Anyone who will suggest that you can pay a fee in advance to get someone to modify a loan for you is a fraud and criminal. Odds are they are not real lawyers. Shred the letters. Now here is what you can do (and you should never hire anyone who solicits you by mail - good lawyers do NOT do that). You have a very short time to explore two options - 1 - using bankruptcy to halt the foreclosure and 2 - litigating if you have grounds. You need to see a lawyer IMMEDIATELY - not soon - but now. But you should select the lawyer, and AVVO would be a great resource to find a good one.
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Stop wasting time with these frauds. No legitimate attorney can promise you that they can arrange a modification. If there are legitimate problems with the foreclosure, call a good local real estate attorney tomorrow morning. (NEVER call any out of state "law firm" claiming they can help you.) The only other option you have is to consider bankruptcy. If you file Chapter 13 bankruptcy, you can stop the foreclosure and take 3 to 5 years to catch up the overdue amount on your mortgage, as long as you have enough regular income to make the regular payments and meet other basic living expenses. Good luck.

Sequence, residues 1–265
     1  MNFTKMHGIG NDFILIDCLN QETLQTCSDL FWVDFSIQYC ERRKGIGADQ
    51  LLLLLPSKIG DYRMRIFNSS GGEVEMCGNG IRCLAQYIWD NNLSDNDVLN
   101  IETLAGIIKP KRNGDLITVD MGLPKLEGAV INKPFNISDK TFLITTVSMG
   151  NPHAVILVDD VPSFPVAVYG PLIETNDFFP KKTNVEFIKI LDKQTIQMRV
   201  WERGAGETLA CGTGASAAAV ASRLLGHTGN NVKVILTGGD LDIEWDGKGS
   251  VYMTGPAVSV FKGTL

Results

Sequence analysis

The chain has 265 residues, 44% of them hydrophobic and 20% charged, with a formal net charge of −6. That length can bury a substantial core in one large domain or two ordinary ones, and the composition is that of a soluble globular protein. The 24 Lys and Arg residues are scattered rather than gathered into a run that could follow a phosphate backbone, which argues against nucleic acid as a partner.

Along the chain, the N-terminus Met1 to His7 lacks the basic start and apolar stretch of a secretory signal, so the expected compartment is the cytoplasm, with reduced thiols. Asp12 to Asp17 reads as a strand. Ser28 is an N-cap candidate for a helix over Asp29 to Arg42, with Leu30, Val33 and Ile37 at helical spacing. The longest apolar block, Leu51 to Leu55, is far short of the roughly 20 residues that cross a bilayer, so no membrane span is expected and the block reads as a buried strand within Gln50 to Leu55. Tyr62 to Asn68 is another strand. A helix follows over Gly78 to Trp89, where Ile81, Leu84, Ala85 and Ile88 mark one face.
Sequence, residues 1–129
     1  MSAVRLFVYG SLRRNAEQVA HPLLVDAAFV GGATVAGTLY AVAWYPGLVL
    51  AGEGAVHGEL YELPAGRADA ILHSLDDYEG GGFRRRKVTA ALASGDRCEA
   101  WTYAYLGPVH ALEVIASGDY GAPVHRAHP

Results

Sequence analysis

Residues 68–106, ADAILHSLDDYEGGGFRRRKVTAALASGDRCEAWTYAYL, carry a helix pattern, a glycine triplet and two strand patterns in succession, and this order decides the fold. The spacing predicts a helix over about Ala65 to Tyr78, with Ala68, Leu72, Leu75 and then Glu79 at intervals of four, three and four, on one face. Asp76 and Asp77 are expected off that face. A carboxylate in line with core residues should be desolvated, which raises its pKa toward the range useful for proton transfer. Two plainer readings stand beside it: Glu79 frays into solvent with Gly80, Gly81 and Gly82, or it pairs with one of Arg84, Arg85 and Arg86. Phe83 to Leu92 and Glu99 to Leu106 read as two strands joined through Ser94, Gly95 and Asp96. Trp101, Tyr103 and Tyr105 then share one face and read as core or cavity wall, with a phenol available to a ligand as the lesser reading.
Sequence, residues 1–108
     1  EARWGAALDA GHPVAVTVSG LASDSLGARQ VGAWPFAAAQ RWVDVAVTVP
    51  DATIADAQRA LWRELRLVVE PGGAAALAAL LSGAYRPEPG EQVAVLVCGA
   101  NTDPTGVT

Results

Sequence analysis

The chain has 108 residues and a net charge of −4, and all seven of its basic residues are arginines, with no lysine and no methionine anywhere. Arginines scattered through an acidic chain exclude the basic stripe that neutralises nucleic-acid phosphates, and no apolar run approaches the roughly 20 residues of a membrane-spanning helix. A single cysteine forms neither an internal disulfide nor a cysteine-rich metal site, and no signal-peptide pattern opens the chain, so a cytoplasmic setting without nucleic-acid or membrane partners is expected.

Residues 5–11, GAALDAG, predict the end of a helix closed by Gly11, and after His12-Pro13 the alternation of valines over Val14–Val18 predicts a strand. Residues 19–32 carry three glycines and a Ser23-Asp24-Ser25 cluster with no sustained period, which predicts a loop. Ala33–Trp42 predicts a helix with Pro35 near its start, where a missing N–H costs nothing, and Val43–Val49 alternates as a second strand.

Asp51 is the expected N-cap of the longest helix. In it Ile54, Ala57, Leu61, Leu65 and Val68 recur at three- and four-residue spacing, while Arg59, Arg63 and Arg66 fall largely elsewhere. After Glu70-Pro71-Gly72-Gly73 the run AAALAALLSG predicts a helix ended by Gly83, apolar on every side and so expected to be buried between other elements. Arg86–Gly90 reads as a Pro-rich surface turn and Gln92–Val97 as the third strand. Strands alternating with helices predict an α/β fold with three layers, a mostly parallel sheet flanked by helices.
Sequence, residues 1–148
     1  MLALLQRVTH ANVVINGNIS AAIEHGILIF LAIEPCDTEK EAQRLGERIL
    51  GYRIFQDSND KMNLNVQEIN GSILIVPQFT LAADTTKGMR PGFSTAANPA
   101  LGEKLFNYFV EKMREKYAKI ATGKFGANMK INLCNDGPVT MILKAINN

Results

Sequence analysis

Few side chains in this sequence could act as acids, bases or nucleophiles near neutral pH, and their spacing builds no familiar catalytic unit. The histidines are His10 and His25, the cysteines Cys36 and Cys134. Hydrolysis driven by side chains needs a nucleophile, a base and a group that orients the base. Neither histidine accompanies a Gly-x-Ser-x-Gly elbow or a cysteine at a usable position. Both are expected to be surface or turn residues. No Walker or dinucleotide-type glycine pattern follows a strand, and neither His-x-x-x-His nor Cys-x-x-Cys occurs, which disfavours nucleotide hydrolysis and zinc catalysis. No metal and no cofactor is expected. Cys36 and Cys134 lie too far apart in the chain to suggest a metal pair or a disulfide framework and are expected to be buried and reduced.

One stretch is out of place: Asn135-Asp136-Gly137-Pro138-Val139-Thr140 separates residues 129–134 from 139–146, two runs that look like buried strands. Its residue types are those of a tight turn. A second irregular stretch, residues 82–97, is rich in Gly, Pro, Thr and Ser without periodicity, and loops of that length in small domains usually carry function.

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I agree with the other responses that there a lot of scammers out there looking to take advantage of people who are already in dire straights. I often have clients offer to hire me to handle their modifications, but I always tell them that they would be doing little more than paying me to forward documents for them and nag them to get more documents for me to sent. The only real thing an attorney should be doing for you is to look into a bankruptcy filing to see if the house can be saved that way, or if doing so has other benefits and would buy you some time to complete a modification on your own.
The above information is general in nature. In order to obtain more specific legal advice upon which to base your important decisions, you should consult with an attorney in person and retain one of your choosing. Robert M. Gardner, Jr. Hicks, Massey & Gardner, LLP
I am an out of state attorney practicing in Maryland. While I do foreclosure work, I would not get involved with a property in another state. I agree with Ga. counsel who have responded suggesting that you not consider anyone who is not a member of the Ga. bar. While I believe that many competent attorneys do utilize direct mail, I agree that an attorney promising you that a modification will be obtained should be regarded with suspicion. While an attorney can help you with a modification, I believe relevant FTC rules prohibit anyone other than in state counsel from charging you in advance for a modification. My advise would be to seek out a member of the Ga. bar experienced in these matters, and also perhaps quickly obtain a bankruptcy consult as well.